Ever think about starting your own record label? Syd Butler, Founder and President of Frenchkiss Records, had that exact thought 20 years ago. When he first entered the business, he had no idea where to begin. However, a little bit of luck, a few friends in the industry, and taking that first step led him to building Frenchkiss Records. Now, 20 years later, Syd reflects back on the early days in anticipation of their 20th anniversary celebration on October 12, an evening dedicated to rocking out to music like it’s 1999.
Let’s take a walk down memory lane with Syd Butler and look at the evolution of his record label over the past two decades.
When did you begin working in music?
I grew up in Washington D.C. surrounded by a very musical community. One day someone handed me a tape and said “Listen to these bands.” I had no idea that this music existed. When I was a sophomore in high school, I started playing the bass. Shortly after I started a punk band with my friends. Since 16 years old, I’ve been an active musician on tour. That’s when I started hanging out at Dischord. During that time, I began to understand how a label works and operates.
When I went to college I met my bandmates in Les Savy Fav, now signed through Frenchkiss Records Those early days were all about hanging out and making great music. Upon graduating college, we realized how much fun we had creating music together. So we sent our demo tape to labels just like everyone else did — and no one really responded. After struggling to get the attention of labels, I was considering the idea of starting our own. I spoke to a friend who ran a record label named Touch and Go,.He said, “Listen, I’m not gonna sign Les Savy Fav, but I’ll help you with any information that you need to start your label.” So that’s how Frenchkiss started.
How would you describe Frenchkisses brand both musically and stylistically then and now?
Initially I just wanted to put out cool art rock. It was really hard for me to figure out “What’s a band that thinks creatively outside the box, writes structured songs and has a more commercial sound?” without feeling like I’m selling a band out. Even up until today, if it sounds good to me and feels authentic, I feel like I can relate to the artists and they can relate to us. There’s a lot of bands that we’ve gone after because we thought their music was really cool, but our characters didn’t align. A big thing that we tell our artists is that they’re representing Frenchkiss. It doesn’t matter if they are on the road, doing press, traveling, or whatever mood they’re in, they are still representing Frenchkiss and the same goes for us on our side. We represent the bands, and they represent us. At the core, that’s really it. I’m excited about working with people who have different tastes, genres, and backgrounds, and getting to experience their journey and hopefully help them.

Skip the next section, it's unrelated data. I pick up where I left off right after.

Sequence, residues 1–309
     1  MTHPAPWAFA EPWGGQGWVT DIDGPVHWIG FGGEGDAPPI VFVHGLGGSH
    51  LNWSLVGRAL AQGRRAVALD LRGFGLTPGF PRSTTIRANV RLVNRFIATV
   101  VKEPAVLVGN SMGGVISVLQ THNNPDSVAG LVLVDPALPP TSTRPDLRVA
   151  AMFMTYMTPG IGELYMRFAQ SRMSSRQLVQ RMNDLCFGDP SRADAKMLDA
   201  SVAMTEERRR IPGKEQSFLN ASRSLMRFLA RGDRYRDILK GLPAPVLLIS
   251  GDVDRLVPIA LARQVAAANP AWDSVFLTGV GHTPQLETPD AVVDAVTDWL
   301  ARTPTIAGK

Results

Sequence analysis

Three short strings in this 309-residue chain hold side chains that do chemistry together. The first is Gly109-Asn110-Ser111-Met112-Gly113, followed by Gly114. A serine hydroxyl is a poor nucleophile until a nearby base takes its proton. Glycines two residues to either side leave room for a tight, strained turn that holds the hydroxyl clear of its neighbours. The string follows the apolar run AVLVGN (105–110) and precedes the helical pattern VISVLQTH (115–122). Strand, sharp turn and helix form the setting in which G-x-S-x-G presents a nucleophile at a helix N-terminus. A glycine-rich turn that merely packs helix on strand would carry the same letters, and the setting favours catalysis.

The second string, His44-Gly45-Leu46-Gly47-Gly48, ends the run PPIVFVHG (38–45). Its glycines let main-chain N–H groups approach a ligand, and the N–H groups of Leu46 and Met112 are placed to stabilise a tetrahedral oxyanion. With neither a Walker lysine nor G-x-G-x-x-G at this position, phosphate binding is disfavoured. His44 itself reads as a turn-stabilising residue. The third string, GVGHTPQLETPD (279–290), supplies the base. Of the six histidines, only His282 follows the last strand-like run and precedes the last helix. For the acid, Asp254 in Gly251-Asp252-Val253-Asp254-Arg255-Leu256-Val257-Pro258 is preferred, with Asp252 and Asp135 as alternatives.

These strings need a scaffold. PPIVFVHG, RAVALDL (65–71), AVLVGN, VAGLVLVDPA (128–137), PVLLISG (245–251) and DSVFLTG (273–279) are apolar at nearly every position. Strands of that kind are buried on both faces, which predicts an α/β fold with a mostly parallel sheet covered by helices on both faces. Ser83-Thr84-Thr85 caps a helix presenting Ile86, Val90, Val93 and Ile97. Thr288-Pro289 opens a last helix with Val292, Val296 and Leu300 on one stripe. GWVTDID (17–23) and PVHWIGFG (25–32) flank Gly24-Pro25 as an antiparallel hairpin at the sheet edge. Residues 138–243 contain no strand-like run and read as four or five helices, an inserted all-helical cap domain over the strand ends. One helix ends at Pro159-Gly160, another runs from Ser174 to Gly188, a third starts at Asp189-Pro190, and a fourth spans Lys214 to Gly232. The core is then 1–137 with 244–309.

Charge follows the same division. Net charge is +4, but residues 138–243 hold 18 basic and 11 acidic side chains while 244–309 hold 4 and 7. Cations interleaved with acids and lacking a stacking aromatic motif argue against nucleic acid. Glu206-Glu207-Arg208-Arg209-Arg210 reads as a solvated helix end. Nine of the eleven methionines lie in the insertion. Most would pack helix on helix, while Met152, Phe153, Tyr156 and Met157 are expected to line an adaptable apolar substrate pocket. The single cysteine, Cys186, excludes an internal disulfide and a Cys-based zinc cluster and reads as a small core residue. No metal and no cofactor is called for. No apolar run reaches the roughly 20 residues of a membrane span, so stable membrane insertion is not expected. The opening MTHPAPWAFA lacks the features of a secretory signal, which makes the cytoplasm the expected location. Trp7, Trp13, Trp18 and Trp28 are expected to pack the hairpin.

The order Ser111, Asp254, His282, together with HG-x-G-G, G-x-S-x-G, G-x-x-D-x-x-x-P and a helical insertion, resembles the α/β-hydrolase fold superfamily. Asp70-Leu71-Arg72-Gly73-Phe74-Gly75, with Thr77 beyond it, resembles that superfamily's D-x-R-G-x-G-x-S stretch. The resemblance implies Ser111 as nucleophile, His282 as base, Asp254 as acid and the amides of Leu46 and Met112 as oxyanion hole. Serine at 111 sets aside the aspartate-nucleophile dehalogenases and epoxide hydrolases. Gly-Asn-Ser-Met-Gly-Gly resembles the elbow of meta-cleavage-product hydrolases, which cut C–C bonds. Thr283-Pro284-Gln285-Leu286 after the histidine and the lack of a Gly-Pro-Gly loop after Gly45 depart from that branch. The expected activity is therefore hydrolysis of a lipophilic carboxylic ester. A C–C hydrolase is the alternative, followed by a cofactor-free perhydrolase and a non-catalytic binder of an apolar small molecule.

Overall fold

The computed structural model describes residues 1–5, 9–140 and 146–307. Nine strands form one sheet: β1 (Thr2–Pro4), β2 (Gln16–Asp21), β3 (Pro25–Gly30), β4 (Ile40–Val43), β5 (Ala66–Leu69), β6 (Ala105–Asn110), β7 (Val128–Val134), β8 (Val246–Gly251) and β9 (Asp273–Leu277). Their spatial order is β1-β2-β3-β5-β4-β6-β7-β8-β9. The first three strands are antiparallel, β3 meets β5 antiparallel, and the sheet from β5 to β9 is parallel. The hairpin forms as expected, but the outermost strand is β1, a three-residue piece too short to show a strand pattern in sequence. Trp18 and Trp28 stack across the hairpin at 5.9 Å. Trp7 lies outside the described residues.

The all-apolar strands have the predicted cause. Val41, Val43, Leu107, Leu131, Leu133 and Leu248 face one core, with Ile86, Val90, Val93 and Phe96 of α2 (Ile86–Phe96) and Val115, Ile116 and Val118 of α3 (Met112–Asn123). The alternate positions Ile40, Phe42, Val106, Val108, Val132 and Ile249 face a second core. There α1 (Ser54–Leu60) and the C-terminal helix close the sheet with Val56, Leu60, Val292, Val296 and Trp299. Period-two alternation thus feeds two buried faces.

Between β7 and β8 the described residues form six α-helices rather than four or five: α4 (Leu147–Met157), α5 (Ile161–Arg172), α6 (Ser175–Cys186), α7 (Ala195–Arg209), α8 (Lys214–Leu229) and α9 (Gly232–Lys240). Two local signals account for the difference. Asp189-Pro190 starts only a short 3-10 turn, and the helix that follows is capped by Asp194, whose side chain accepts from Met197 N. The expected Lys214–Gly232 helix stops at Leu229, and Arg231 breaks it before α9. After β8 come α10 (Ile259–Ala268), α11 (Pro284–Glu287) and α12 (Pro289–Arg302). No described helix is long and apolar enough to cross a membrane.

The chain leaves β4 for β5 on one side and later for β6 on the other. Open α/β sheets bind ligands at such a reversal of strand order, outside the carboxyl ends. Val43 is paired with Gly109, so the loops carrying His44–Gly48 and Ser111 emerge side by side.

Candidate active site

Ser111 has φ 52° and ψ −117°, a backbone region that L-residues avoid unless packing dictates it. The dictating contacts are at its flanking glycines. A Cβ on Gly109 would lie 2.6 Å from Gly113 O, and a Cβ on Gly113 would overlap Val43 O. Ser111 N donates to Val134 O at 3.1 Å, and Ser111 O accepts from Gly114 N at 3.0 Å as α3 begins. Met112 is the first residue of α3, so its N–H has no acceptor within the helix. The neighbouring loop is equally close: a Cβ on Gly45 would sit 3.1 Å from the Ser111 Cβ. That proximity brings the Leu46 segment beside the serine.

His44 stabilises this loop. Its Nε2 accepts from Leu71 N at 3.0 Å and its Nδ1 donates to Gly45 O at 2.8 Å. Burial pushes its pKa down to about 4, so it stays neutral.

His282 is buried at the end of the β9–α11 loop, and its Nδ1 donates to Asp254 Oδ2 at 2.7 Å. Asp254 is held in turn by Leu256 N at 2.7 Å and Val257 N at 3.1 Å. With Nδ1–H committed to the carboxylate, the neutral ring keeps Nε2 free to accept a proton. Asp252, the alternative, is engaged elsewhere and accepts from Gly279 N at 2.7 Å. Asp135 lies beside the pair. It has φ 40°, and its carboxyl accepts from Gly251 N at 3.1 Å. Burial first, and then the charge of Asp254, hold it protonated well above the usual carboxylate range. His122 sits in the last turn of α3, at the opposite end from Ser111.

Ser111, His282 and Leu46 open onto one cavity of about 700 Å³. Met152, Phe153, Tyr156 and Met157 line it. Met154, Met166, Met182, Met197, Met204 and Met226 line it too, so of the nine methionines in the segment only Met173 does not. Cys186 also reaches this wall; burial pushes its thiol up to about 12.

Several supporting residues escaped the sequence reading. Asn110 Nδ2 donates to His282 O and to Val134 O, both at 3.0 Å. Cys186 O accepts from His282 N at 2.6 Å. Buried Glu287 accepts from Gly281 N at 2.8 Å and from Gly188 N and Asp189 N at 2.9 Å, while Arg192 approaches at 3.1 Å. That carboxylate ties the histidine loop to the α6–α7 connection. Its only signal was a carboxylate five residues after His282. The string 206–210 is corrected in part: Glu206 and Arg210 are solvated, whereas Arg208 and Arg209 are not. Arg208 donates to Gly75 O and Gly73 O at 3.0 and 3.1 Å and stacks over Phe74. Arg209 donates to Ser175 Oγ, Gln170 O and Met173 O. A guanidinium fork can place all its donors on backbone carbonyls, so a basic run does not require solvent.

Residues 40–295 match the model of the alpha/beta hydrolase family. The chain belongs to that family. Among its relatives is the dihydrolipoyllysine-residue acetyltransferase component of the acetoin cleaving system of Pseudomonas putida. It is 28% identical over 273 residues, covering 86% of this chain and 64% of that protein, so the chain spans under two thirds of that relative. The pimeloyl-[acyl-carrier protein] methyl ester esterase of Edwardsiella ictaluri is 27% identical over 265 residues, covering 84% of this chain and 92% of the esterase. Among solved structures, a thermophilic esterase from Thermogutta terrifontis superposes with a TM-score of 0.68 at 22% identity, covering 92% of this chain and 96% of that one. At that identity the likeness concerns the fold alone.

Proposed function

We represent the bands, and they represent us. At the core, that’s really it.
You juggle a lot of different roles in the music industry. What are you currently working on?
I have my job at Seth Meyers, which is a blessing because it allows me to live in two realities. Sometimes I’m exhausted from that job and then I come here to The Orchard and I get really excited because I have such a passion for music and the energy is contagious. It’s great writing on Seth Meyers and hanging out with my bandmates. I’ve known Eli Janney, who plays keyboard, since I was 14, and I met him at a Fort Reno show in D.C. The guitar player, Seth Jabour, is in Les Savy Fav. Marnie Stern is the other guitar player who I met right when I moved to New York, and I’ve know Fred forever. I’m very grateful for this serendipitous and magical moment bringing us all together. It’s been an amazing journey.
Where do you see Frenchkiss Records in another 20 years?
Hopefully it still exists under the current climate of the music industry. I wake up everyday thinking about it. It’s like a child or plant that I’ve raised from a seedling. I really want to give a shout out to The Orchard, because without them this journey would’ve ended a long time ago. They have been incredibly supportive and Paul Hanly has been my left and right arm. So I think as long as The Orchard continues to be fantastic and exist, so will Frenchkiss.
Looking at the past decade, what were some major wins for Frenchkiss?
I relate it to baseball –I don’t even watch baseball, but I’m using it as an analogy. You have some bands that you really have to sign because they’re character players. They might get on first base, they work hard and do all they have to, and then once a year we’d have a record that would hit it out of the park. We really had all of the stars line up. Pitchfork became a huge influencer in the music we were releasing. We released a bunch of bands’ records, digital started to rise, there were so many outlets for people to listen to music, purchase and be connected to music.